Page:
18. If they repay any of the distribution now, I think you will need to amend 2020 to get a refund of the tax paid on that amount. They cannot reduce their 2021 income by the repayment amount unless they had spread the income over 3 years and so have income in 2021 from the distribution. In your case, they have to go back and reduce 2020 income. For your case (repayment when all tax was paid in 2020), the instructions say you must also file 8915-F in 2021 and fill out lines 14 and/or 25 (only). It's not really clear why, since it will not affect the 2021 return. Apparently, just for documentation.
  19. I thought perhaps Judy was referring to this TIGTA report from last year: https://www.treasury.gov/tigta/auditreports/2021reports/202146064fr.pdf
  20. Quotes from yesterday's Taxpayer Advocate blog: https://www.taxpayeradvocate.irs.gov/news/nta-blog-getting-rid-of-the-kryptonite-the-irs-should-quickly-implement-scanning-technology-to-process-paper-tax-returns/
  21. If they received APTC, they must file, regardless of income. (Unless someone claims them as a dependent, in which case the 1095-A would be reconciled on that person's return.) Presumably, when they applied they had income or expected to have income, and the Marketplace determined that they qualified. In that case, they should have reported to the Marketplace when it became clear they would not have income, and should have switched to Medicaid. But usually they won't be penalized for that, and can still claim PTC (assuming they got APTC). However, if they lied ("with intentional or reckless disregard for the facts, provided incorrect information to a Marketplace"), they do not qualify for PTC and will have to pay back any APTC.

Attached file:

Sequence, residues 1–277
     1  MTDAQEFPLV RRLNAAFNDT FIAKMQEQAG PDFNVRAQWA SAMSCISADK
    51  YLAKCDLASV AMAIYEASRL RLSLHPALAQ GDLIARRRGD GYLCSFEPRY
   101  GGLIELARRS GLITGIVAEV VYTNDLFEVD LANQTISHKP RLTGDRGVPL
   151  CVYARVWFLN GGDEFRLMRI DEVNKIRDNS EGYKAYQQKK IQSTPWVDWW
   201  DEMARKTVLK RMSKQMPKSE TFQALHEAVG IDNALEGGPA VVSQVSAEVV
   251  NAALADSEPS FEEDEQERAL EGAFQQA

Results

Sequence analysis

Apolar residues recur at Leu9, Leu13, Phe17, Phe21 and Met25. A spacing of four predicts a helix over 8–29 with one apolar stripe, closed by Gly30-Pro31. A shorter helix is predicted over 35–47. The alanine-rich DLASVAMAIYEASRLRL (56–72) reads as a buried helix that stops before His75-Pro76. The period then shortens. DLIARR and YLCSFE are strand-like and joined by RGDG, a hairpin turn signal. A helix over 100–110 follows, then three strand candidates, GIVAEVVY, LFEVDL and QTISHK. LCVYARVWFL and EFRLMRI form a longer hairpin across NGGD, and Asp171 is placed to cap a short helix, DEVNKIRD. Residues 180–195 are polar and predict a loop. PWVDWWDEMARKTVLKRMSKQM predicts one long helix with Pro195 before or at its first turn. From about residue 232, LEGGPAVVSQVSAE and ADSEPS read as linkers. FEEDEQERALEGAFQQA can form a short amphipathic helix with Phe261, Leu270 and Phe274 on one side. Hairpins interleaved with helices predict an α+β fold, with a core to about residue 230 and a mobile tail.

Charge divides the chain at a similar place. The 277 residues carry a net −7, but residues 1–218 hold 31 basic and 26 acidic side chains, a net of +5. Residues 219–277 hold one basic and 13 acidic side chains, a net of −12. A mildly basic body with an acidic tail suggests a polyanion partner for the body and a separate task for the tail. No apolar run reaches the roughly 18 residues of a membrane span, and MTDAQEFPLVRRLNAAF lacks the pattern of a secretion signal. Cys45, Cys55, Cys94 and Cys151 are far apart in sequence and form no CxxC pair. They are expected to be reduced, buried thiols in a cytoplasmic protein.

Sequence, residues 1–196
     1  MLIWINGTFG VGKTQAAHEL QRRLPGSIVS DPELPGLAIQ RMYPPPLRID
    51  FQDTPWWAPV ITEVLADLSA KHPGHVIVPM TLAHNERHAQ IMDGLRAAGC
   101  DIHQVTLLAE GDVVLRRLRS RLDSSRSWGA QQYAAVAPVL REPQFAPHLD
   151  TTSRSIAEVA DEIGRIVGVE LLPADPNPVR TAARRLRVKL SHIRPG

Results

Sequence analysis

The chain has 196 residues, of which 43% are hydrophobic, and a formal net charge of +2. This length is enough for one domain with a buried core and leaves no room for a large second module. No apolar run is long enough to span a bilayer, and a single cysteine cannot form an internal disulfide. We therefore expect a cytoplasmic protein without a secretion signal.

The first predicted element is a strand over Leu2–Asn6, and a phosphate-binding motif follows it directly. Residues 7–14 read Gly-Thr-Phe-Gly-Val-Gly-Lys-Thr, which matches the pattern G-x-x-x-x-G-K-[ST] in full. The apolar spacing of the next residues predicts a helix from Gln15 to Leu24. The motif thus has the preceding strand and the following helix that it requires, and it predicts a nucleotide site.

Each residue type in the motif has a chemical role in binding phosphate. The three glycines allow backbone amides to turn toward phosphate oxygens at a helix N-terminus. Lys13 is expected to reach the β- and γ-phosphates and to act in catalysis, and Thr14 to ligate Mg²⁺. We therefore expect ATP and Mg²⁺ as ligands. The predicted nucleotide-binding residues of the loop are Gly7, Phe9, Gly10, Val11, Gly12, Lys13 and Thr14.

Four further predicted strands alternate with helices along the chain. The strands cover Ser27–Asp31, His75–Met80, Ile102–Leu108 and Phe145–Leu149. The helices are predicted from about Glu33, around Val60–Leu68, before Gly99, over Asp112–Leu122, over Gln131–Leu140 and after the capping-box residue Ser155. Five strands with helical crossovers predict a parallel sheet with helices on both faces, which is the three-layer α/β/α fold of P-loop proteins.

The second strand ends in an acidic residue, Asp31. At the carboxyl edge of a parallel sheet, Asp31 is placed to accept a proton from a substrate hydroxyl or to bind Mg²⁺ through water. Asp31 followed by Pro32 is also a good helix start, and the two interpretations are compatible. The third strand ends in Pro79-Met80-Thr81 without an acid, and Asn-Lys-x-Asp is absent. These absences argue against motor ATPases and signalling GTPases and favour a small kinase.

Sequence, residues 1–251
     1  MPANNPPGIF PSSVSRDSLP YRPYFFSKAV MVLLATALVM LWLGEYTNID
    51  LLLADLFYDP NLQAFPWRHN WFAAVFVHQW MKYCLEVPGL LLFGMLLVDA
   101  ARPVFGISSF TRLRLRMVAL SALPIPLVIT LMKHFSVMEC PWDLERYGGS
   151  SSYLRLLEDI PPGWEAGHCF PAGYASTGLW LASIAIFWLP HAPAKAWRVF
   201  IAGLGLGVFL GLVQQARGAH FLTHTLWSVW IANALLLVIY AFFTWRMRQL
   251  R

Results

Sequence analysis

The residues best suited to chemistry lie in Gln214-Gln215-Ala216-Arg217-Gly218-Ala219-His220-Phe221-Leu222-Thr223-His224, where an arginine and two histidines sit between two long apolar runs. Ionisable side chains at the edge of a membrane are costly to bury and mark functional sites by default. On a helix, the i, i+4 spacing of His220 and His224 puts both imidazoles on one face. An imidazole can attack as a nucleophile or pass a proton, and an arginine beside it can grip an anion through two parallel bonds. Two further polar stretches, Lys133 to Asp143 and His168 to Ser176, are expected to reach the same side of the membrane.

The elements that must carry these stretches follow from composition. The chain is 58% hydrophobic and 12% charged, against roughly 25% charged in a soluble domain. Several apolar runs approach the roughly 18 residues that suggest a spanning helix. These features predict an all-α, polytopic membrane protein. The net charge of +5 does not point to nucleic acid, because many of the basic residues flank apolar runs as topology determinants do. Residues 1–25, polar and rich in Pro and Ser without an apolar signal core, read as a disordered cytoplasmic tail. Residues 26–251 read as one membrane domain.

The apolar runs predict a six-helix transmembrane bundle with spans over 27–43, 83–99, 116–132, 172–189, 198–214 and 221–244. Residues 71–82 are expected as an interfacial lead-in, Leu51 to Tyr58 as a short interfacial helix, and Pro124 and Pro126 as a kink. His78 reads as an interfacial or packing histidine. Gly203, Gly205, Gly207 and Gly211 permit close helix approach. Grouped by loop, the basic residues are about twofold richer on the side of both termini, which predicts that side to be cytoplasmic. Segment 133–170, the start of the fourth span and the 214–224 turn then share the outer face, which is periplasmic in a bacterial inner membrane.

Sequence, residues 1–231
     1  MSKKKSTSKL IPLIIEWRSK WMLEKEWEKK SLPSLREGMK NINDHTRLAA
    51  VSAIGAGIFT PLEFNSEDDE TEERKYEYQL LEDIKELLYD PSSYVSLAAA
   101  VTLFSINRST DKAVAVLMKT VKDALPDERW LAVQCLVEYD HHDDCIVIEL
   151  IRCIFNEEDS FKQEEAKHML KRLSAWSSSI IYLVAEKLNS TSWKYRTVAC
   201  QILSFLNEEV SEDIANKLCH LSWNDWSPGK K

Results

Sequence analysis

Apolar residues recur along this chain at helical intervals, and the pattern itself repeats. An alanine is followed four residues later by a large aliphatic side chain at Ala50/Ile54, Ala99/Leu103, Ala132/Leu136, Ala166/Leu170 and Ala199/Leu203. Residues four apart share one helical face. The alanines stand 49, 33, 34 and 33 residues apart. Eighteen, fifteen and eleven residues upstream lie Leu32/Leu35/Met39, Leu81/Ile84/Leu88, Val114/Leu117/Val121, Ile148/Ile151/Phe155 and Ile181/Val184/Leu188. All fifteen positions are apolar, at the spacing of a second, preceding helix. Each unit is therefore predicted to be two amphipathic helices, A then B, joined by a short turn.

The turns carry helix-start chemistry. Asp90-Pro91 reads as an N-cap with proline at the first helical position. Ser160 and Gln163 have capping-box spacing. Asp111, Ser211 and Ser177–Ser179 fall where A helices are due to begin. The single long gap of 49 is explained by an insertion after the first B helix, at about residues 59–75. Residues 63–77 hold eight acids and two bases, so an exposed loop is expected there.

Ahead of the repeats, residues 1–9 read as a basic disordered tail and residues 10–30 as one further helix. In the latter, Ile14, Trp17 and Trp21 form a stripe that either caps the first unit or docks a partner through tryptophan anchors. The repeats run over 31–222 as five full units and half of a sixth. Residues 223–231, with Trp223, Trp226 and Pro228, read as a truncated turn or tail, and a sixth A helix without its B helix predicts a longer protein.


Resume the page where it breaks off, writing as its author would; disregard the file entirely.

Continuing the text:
22. It's not clear from your first post which year's return you are preparing. Maybe I'm reading it wrong, but if the daughter dropped out in Dec. 2020, then there would be no expenses in 2021 - and no credit or 1098-T for TY2021. They would qualify for TY2020 for expenses paid in 2020 for the 2020 fall semester (if not refunded). They could qualify again in 2022 for the fall semester if she re-enrolls.
  23. I'm not sure what contributions during the last 3 years has to do with it. (They could affect taxability of QCDs.) When you print Form 8606, do you see the basis ($18,000 assuming no previous withdrawals) on line 2, the FMV as of 12/31 on line 6? Then there should be a percentage on line 10, and the nontaxable portion on line 13.
  24. Not so fast! Code J is an early distribution. Assuming that is correct and they are under 59 1/2, it is not a qualified distribution. The basis can be withdrawn tax and penalty free, but the earnings are taxable and subject to the 10% penalty. (The five-year holding period is not relevant.) Except that the $10,000 for first home IS a qualified distribution, so no tax and no penalty for that portion of the earnings.
  25. And of course ask about other possible exceptions to the penalty (e.g., education expenses, birth of a child, adoption, unemployment/health insurance, disability, or a large amount of medical expenses).